Hi everyone! Here’s your little meditative break – with Mountain Pose! This is an easy yoga pose that is grounding and helps with breath awareness. You can practice yoga and mindfulness anywhere.
Hi everybody! Here’s your little break for the day… some breath awareness and tension relief in the neck and shoulders. Enjoy and share freely!
I’m going back to my yoga teaching roots and offering free ways to help relax and lessen anxiety. Here, learn the three part breath. Share with everyone and be well. ❤️
As if we needed more reasons to own art….
It has actually been scientifically proven that having original art in workspaces boosts productivity, increases creativity and reduces stress in addition to a host of other benefits. So in addition to making your workspace look amazing, artwork will actually help you run a better – arguably more profitable business.
Here are a few ways this works:
Creativity begets creativity
Do you think it seems counterintuitive to spend money on something that could potentially distract a worker’s attention? Well the truth is that because art makes for a generally more upbeat space, it helps make happier workers, who are therefore more productive. Deutsche Bank owns the biggest collection of corporate art in the world and even hosts artist talks to their staff can engage with artists, opening up broader views into socio-political aesthetics and eventually helping generate new ideas that can be used with clients. In other words creativity begets creativity.
Given the automatization of well, everything, creativity will soon be our most important asset as humans. It’s one of the things that differentiates us from AI right?
Where to install corporate art?
In a lobby, art makes a statement and sets the tone for everyone who enters the building. In boardrooms or other meeting areas, artwork can help break the ice or stimulate ideas and conversation.
Exhibiting art in the work place helps shape the branding and character of a company for those who work within the company, partners and prospective clients. Art improves the culture in a shared space by creating an optimistic and inspiring environment.
In some cases, original artwork can be considered “furnishings” and can therefore be tax deductible. I would recommend talking to your CPA to check this in your region though because I’m no expert.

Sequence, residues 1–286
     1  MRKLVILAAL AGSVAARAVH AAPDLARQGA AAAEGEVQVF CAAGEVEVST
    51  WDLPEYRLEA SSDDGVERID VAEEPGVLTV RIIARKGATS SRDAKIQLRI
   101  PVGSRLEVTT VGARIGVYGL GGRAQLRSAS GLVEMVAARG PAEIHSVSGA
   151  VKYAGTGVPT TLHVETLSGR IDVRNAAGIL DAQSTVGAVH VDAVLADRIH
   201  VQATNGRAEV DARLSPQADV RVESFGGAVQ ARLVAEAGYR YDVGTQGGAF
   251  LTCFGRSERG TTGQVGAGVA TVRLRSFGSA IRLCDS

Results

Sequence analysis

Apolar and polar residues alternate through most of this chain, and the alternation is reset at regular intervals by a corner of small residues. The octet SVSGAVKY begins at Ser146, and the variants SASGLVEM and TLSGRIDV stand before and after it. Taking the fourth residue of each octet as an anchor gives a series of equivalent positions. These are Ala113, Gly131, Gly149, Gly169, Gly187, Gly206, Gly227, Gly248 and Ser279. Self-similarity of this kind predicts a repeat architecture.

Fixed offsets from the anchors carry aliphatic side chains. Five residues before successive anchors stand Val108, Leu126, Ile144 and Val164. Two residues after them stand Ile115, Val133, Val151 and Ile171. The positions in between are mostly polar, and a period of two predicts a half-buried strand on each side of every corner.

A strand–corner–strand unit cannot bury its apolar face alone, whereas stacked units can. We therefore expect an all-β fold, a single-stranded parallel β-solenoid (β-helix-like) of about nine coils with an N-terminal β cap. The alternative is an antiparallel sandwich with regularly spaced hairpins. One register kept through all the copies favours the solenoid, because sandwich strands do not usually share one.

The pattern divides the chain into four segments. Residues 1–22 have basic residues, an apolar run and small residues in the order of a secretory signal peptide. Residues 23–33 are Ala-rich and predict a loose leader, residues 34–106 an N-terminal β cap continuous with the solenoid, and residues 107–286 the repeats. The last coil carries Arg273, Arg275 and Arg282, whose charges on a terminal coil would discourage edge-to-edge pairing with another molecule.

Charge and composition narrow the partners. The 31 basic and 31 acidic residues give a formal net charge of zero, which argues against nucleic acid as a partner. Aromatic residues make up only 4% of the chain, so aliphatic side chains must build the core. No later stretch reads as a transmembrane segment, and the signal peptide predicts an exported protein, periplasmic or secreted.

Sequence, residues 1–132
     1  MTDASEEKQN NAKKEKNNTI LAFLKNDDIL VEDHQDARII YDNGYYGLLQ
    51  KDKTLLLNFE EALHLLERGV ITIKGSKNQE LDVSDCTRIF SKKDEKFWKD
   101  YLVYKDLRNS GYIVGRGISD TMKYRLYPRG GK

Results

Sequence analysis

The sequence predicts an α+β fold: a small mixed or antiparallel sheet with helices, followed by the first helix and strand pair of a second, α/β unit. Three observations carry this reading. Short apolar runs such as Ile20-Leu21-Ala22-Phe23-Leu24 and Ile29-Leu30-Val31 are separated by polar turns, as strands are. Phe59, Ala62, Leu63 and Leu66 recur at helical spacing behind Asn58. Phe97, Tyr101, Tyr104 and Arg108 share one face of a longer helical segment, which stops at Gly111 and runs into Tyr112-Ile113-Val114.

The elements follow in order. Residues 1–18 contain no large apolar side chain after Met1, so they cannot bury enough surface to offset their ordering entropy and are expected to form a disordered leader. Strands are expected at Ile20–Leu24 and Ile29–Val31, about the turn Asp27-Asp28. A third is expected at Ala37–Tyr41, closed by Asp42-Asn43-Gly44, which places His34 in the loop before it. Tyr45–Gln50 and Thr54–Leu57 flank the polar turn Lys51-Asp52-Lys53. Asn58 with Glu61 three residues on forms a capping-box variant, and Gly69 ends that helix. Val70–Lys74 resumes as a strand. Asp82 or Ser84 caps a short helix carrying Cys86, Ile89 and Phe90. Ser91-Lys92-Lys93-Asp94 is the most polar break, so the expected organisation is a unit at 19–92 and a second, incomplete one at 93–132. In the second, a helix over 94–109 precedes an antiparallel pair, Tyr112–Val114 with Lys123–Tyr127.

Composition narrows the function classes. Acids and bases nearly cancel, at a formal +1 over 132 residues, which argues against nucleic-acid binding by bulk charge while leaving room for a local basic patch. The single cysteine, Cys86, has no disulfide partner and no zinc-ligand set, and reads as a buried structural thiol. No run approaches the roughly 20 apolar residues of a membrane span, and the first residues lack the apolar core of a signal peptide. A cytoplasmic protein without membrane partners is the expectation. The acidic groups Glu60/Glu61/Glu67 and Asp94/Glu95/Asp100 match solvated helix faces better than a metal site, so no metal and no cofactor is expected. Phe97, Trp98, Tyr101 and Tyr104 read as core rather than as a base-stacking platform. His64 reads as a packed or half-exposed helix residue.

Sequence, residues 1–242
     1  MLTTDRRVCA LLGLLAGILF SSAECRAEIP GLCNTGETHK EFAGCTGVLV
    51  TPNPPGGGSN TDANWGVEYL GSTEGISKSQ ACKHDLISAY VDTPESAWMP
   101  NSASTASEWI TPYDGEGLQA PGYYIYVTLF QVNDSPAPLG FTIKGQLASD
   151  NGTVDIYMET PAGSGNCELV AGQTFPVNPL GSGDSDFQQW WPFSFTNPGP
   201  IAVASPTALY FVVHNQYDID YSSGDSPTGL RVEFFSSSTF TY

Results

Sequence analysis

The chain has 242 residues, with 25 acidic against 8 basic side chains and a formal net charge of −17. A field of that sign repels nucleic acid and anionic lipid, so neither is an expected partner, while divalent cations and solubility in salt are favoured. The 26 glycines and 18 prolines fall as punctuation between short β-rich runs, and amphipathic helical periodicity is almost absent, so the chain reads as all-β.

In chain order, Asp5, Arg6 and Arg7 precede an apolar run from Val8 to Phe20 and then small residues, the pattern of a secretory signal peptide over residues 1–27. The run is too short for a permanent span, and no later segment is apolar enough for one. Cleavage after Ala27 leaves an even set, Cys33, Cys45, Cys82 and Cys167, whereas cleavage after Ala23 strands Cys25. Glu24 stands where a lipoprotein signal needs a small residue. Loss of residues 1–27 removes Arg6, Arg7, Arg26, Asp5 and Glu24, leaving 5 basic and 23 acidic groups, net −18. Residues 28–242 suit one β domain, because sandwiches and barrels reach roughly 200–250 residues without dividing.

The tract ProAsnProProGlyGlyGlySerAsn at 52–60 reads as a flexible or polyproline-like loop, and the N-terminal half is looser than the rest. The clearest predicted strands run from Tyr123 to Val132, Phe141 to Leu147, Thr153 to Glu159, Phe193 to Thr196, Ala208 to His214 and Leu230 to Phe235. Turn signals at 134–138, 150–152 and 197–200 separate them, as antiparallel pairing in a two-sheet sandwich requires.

If your company is looking to support local living artists, but not in a position to buy original artwork, then leasing art may be a good option. In this scenario, art is rented for a monthly fee, allowing you to try some artwork for size or to change the look of the office. Learn more about renting art from me here.
I love these concepts – not just because I’m an artist – but because I think high quality art should be accessible to as many people as possible. Not only does it add beauty, but it inspires new ways of thinking and ways to engage with others.
What do you think about art in the work place? Let me know! Email or call me at (336) 283-0185. I’d love to hear from you!
One of my favorite artists, Richard Diebenkorn, used to talk about purposefully making “mistakes” in the early stages of a painting. This would give him something to change as he worked. I often think of this as I make paintings. In the early stages of a painting, I’ll purposefully use colors that don’t feel like they go together – or make shapes that aren’t right, so I can make changes as I build up the paintings. This process of searching for an image is something that I enjoy. By working in this way, there is no pressure to get it “right” in one go, and the finished painting is a result of this process of making changes.
Maybe it’s tied to my ego – that I feel I need a certain amount of layers of paint to make it worthy of putting into the world. Maybe when I’m making paintings at 90, they’ll be very minimal Motherwell-like pieces because I’ll have no need to prove anything anymore.
In the meantime, if you want to see some monumental paintings layered with shapes and color and muscular paint handling like my painting above, Try Again, Grow Calmer, you’ll like what I made for you. I designed a brand spankin’ new catalog featuring a collection of paintings that will knock your socks off.
If you’ve ever felt an emotional reaction from looking at abstract shapes and color and wanted to know more, this is for you. Want to get the goods? Sign up for my newsletter and you’ll receive your copy of this catalog. You’ll find some of my largest, most gut-grabbing paintings set in beautiful spaces with the stories behind them.